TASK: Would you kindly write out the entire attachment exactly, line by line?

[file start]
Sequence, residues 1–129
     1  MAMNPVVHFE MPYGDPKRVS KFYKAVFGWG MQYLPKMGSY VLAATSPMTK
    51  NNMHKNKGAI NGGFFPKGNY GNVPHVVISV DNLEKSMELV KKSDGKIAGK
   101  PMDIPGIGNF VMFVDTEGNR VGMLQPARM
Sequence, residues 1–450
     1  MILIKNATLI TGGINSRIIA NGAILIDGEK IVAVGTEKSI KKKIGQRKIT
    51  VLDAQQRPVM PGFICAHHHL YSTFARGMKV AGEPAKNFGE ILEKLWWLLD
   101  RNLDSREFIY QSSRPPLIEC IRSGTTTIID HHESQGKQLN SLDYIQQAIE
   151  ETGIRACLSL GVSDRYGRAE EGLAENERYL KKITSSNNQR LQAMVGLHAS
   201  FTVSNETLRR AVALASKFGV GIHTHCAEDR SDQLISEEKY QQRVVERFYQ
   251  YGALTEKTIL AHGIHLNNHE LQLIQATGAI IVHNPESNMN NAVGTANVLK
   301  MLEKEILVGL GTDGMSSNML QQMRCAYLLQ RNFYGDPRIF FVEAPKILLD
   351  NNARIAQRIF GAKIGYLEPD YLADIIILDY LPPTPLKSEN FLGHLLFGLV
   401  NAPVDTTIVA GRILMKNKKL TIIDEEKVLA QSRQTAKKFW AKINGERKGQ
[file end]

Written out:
Sequence, residues 1–129
     1  MAMNPVVHFE MPYGDPKRVS KFYKAVFGWG MQYLPKMGSY VLAATSPMTK
    51  NNMHKNKGAI NGGFFPKGNY GNVPHVVISV DNLEKSMELV KKSDGKIAGK
   101  PMDIPGIGNF VMFVDTEGNR VGMLQPARM
Sequence, residues 1–450
     1  MILIKNATLI TGGINSRIIA NGAILIDGEK IVAVGTEKSI KKKIGQRKIT
    51  VLDAQQRPVM PGFICAHHHL YSTFARGMKV AGEPAKNFGE ILEKLWWLLD
   101  RNLDSREFIY QSSRPPLIEC IRSGTTTIID HHESQGKQLN SLDYIQQAIE
   151  ETGIRACLSL GVSDRYGRAE EGLAENERYL KKITSSNNQR LQAMVGLHAS
   201  FTVSNETLRR AVALASKFGV GIHTHCAEDR SDQLISEEKY QQRVVERFYQ
   251  YGALTEKTIL AHGIHLNNHE LQLIQATGAI IVHNPESNMN NAVGTANVLK
   301  MLEKEILVGL GTDGMSSNML QQMRCAYLLQ RNFYGDPRIF FVEAPKILLD
   351  NNARIAQRIF GAKIGYLEPD YLADIIILDY LPPTPLKSEN FLGHLLFGLV
   401  NAPVDTTIVA GRILMKNKKL TIIDEEKVLA QSRQTAKKFW AKINGERKGQ